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Crisp British Pattern 1853 Enfield Socket Bayonet by Hill & Son

Crisp British Pattern 1853 Enfield Socket Bayonet by Hill & Son

  • Product Code: EWB-2598
  • Availability: In Stock
  • $175.00


This is a very nice and very crisp example of the British Pattern 1853 Socket Bayonet for use with the Pattern 1853 Enfield Rifle Musket. The ricasso of the blade is marked with the {CROWN}/B/12 of Board of Ordnance inspector #12 located in Birmingham. The bayonet is also clearly stamped in a single line with the name of the contractor that delivered it: S. HILL & SON. A pair of opposed capital G marks are present where the blade joins the shank. Typically letters in this location indicate the bayonet itself was produced on the Continent, either in Solingen (Prussia) or Liège (Belgium). It was not uncommon for Birmingham cutlers to rely upon blades produced in Solingen or Liège to help deliver large contracts in a timely fashion. Sometimes rough blades were also delivered, with the Birmingham contractor doing the final finishing. The socket of the bayonet is engraved with the “rack number” 37/307. Typically, this would indicate 37thRegiment and bayonet #307. As there is not a British War Department WD/{Broad Arrow} mark on the blade it would suggest that the bayonet was used by British colonial troops or a colonial militia. As “the sun never set on the British Empire” during the mid-19th Century, it is impossible to know where this socket bayonet may have seen service.

 

The firm of S. Hill & Son was initially established by Stephen Hill in Birmingham sometime around 1830 at 35-36 Pritchett Street. Hill was listed at the time as a sword blade and bayonet maker and supplied these items to the Birmingham trade. In 1849 the firm became S. Hill & Son and would remain in business under that name and at the same location through 1855. During this period the company became a major contractor to the British Board of Ordnance as a socket bayonet supplier. The company was one of the seven contractors initially contracted with to provide the newly adopted Pattern 1851 socket bayonet for the Pattern 1851 Minié Rifle in 1852. They would receive at least a portion of all three P1851 bayonet contracts, producing 4,684 of the bayonets during that year. The following year the new Pattern 1853 Enfield Rifle Musket was adopted and again, Hill & Son were one of the seven contractors to receive a portion of the initial contract for 20,020 socket bayonets. They would deliver the largest part of that contract, producing 4,220 bayonets. The next largest delivery under this first contract was by the well-known Birmingham firm of William Deakin & Son, who produced 4,100. The third and fourth largest deliveries under this contract were 3,400 and 3,080 by J. Roe & Co and Salter & Co, respectively. Hill & Son also developed an improvement to the Pattern 1853 Enfield Socket Bayonet’s locking ring in 1853, but chief of ordnance George Lovell declined to adopt it due to a slight increase in the overall unit cost of each bayonet, if the improvement was incorporated into the production process.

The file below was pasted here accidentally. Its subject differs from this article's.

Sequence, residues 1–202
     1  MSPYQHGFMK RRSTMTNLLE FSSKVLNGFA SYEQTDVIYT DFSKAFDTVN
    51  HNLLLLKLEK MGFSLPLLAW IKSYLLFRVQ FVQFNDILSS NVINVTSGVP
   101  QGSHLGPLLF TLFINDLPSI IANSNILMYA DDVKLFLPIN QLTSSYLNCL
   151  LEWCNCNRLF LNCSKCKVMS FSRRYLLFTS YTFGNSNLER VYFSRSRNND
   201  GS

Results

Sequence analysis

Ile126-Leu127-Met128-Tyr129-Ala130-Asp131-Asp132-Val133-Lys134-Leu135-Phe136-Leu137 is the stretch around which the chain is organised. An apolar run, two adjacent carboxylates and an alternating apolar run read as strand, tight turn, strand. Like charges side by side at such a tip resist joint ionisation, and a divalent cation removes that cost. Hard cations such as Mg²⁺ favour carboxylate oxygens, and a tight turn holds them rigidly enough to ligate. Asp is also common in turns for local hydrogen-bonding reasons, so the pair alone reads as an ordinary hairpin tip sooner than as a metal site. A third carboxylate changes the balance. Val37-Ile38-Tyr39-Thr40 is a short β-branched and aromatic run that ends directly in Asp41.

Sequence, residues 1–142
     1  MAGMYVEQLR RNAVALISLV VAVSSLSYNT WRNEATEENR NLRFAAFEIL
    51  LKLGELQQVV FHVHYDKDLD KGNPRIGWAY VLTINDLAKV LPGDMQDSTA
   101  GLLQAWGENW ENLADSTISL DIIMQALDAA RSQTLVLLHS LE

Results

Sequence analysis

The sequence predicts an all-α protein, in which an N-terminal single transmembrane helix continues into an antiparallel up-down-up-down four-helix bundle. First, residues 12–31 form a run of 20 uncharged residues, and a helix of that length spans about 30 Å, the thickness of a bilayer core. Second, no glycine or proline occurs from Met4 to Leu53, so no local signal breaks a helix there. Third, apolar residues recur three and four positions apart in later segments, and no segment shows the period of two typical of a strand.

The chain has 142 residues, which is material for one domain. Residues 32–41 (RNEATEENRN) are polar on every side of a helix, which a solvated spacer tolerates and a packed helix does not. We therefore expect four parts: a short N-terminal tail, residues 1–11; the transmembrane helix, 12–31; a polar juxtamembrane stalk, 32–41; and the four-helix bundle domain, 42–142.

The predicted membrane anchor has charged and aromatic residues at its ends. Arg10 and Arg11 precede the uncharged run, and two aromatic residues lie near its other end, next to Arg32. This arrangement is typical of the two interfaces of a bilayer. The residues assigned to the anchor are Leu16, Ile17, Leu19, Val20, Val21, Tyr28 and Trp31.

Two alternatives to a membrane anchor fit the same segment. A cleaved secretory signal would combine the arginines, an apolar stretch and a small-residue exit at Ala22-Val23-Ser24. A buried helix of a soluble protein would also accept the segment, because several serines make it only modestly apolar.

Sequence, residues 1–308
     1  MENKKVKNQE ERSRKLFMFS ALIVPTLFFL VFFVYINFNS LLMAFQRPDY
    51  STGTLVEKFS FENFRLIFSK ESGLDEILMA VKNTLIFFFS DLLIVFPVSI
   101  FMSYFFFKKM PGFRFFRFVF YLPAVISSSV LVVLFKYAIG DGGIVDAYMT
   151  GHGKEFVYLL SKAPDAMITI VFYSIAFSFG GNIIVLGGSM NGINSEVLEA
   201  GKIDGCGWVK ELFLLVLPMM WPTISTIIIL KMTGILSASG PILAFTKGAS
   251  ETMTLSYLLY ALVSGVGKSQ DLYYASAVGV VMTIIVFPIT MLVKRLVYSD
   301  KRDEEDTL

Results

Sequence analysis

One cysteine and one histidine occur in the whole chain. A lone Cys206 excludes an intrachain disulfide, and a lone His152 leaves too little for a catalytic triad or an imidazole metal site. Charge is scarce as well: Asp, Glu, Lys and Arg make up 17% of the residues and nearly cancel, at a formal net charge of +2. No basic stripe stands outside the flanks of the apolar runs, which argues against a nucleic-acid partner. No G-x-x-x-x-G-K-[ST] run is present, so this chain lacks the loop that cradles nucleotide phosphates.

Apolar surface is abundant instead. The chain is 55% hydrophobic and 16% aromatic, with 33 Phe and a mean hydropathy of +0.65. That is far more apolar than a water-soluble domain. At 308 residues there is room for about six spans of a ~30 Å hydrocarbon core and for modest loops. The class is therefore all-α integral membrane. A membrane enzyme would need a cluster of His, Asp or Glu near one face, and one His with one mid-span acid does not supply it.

The bayonet complies to the normal nominal dimensions for the Pattern 1853 socket bayonet. The bayonet is 20 ¾” in overall length with a 17 ¾” blade that is .843” wide at the ricasso. The 3” socket has a muzzle diameter of .785” with a 1.23” muzzle-to-stud distance. The stud mortise is .279” wide at the rear of the socket, narrowing to .264” wide at its termination, just forward of the locking ring. The socket dimensions are provided as these handmade bayonets were not interchangeable and were fit to each individual rifle musket. They rarely interchange, so providing the dimensions might make it easier to determine if it might fit your gun.

 

The bayonet is a very crisp example that remains in about VERY GOOD+ to NEAR FINE condition. The bayonet is full length and remains extremely sharp at the tip. It is 100% complete and retains the original locking ring and tension screw. The blade of the bayonet has a medium pewter gray patina that retains traces of its arsenal bright polish, with scattered surface oxidation and discoloration that gives the blade a somewhat mottled appearance. The blade is almost entirely smooth with no pitting present but does have some scattered patches of minor surface roughness here and there. The socket and shank retain about 30%+ of their original blued finish, which has thinned and faded and exposed some of the metal beneath. The areas where the finish has thinned and worn have a medium pewter gray patina, with some of the thinned blue taking on a plum brown coloration. The locking ring functions smoothly and shows slightly more finish loss than the balance of the socket. The metal remains almost entirely smooth, with only some lightly scattered surface freckling and lightly oxidized surface roughness here and there. 

 

Overall, this is a very attractive example of the classic Enfield marked Pattern 1853 socket bayonet. It would be the perfect companion to your early British military Enfield rifle musket, especially one in that is in particularly crisp and retains some blue or had a nice plum patina. As the firm that produced the bayonet went out of business in 1855, this bayonet would be particularly appropriate for a Type I or Type II P1853 on any Crimean War era Enfields.

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Tags: Crisp, British, Pattern, 1853, Enfield, Socket, Bayonet, by, Hill, &, Son